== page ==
Yet another FBI global outreach effort consists of the 63 legal attache (LEGAT) offices

located in U.S. Embassies around the globe and covering investigative leads/cases in over 180 countries.


All of these FBI personnel operate overseas under formal agreements with the host countries, as FBI Agents seek the cooperation and considerable assistance of our global partners. Of course, those same LEGAT-assigned Agents and Analysts receive requests of support from their counterparts abroad interested in tracking criminal networks with U.S.- based ties to their own countries. I once met an FBI LEGAT Agent covering the Caribbean who assured me covering multiple island jurisdictions (over 30 islands) made him feel like he owned his own airline as he hopped from island to island, versus the image one might erroneously have of him or her licked back in a beach chair while enjoying yet another spectacular Caribbean sunset. In short, it is an incredible opportunity for personal/professional growth, and twice as much hard work, but worthy of the effort expended.


As a career-long FBI trainer from firearms training to leadership courses, I can both

attest to, and fully endorse attendance at one of the FBI’s International Law Enforcement (ILEA) Academies, which are located around the globe in Budapest, Hungary, Bangkok, Thailand, Gaborone, Botswana and San Salvador, El Savador. I have personally taught on three separate occasions at the FBI’s Budapest ILEA, with police officers from all over Eastern Europe in attendance. And no, I do not speak all of those languages; I was aided by up to four or five different translators who interpreted my classes word-for-word for weeks at a time.


We had a good and productive time sharing law enforcement best practices on subject matter ranging from leadership to corruption, to cyber crime, and I always marveled at a translator’s capacity to intently listen to, interpret, and re-convey a message in real-time to students wearing head phones. I like to think said experiences with the ILEA at Budapest made me a better listener just marveling at my professional translators’ incredible listening skills. The Dalai Lama once stated that whenever he speaks he only repeats what he already knows, however, when he listens, he learns something new. I did a lot of listening and learning at the ILEA in Budapest and hope to visit the other ILEA locations someday to learn even more.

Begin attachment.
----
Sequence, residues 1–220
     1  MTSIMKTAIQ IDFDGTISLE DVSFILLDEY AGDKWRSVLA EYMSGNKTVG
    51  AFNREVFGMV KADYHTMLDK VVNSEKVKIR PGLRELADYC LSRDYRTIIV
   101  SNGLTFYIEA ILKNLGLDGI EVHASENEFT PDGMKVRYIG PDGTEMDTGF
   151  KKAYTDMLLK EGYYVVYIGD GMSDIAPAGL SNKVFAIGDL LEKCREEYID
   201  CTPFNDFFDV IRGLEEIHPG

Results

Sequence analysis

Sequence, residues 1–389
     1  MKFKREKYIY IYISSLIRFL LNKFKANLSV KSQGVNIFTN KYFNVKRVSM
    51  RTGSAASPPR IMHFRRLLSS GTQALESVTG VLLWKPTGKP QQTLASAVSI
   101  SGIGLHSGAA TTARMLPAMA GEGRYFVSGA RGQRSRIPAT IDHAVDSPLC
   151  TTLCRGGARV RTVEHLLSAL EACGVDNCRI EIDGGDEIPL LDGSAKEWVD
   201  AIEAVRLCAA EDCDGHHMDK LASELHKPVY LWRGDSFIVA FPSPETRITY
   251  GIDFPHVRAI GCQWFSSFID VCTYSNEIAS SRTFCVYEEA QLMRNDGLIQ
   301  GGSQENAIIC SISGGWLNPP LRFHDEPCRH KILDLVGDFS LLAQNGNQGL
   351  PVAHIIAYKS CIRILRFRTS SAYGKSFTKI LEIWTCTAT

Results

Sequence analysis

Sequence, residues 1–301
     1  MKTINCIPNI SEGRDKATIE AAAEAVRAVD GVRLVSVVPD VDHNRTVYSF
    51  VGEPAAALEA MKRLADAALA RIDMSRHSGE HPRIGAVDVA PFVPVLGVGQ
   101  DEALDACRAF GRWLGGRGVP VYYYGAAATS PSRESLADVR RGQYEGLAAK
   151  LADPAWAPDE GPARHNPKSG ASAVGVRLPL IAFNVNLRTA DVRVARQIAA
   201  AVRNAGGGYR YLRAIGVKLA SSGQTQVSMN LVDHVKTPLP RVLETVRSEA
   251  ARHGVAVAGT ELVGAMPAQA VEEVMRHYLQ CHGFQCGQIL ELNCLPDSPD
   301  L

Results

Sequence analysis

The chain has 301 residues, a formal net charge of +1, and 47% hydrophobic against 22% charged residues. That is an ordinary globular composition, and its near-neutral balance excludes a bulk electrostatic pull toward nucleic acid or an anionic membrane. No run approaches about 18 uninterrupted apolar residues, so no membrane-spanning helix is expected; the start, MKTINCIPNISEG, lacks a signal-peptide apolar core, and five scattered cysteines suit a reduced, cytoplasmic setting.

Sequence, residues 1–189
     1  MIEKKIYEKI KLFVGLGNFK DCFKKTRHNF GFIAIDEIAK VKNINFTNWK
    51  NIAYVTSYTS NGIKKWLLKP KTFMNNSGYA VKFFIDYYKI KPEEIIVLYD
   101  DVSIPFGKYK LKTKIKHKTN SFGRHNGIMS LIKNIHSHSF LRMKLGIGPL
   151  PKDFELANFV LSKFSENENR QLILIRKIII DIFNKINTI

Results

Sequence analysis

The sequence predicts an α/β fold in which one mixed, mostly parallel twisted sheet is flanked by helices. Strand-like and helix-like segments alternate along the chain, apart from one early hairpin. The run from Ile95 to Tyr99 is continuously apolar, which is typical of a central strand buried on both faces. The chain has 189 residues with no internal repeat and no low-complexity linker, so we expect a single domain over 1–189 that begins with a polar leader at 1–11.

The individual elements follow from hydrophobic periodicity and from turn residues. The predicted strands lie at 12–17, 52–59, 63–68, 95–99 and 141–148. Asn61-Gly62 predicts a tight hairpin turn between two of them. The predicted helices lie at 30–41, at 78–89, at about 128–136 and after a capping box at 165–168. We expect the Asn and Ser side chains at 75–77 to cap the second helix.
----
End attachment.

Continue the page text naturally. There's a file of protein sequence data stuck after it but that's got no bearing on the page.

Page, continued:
As a firearms instructor for four years at the FBI Academy at Quantico, where I taught

New Agent Trainees (NATs) how to shoot safely and accurately, I also researched and

developed the FBI’s Ballistic Protective Undergarments (BPUs), or “ballistic vests”, as they are more commonly referred to. We at the FBI shared our research and findings on the

effectiveness, or lack thereof, of many different BPU designs from many manufacturers with our domestic and international law enforcement partners with data provided by shooting the BPUs with a variety of weapons and ammunition of various calibers at Quantico’s Ballistic Research Facility (BRF). (If you haven’t noticed by now, we Americans love our acronyms for agencies, facilities, food, spouses, children, pets, etc..., a language unto itself).


That BRF of the FBI’s consists of a test range facilty costing over $7 million and capable of capturing any bullet speed or effectiveness against any medium one wants to test against. For body armor (BPU) testing the BRF produces ballistic ordnance gelaltin consisting largely of pig fat material that most closely resembles how the human body reacts to blunt force trauma impacts. I know, it sounds disgusting, but trust me, it smells far worse, but produces incredibly useful data that has saved countless thousands of first responder/military lives in the development of increasingly lighter, yet more protective, body armor. While no ballistic garment is “bulletproof”, I like to think the work I did on this project might have saved law enforcement officers’ lives in the past, and possibly currently serving law enforcement professionals worldwide who go into harm’s way every time they put on a badge, a sidearm, and a well-designed ballistic vest that might

have had my distant fingerprints on it along the way.


A lot of the FBI’s ammunition tests have been shared globally, and I do hope your respective agencies may have benefitted from ammunition testing data that keeps improving along with the latest ammunition technologies.

If not, it remains something your agency could request through the FBI LEGAT near you.

So now you know a bit about my global background, and perhaps you can see why I am

an advocate for travel, international cooperation, sharing of ideas, opening one’s mind, and foremost of all, listening before one speaks.


Where I have been globally has directed what I have become as I approach my sixth decade of life later this year, however, I will spend more of my time looking forward to meeting more of you on your home turf, listening to your input, and growing wiser for being globally involved in the best job I have ever had, policing.



SA Stephen T. Smith

FBI Retired (1990-2016)

BA, M.Ed., Ed.S.

Vice President of IPO Section France

https://www.facebook.com/IPOfrance


The opinions expressed in this article are solely those of the author and are not reflective of FBI opinions, policies or doctrines.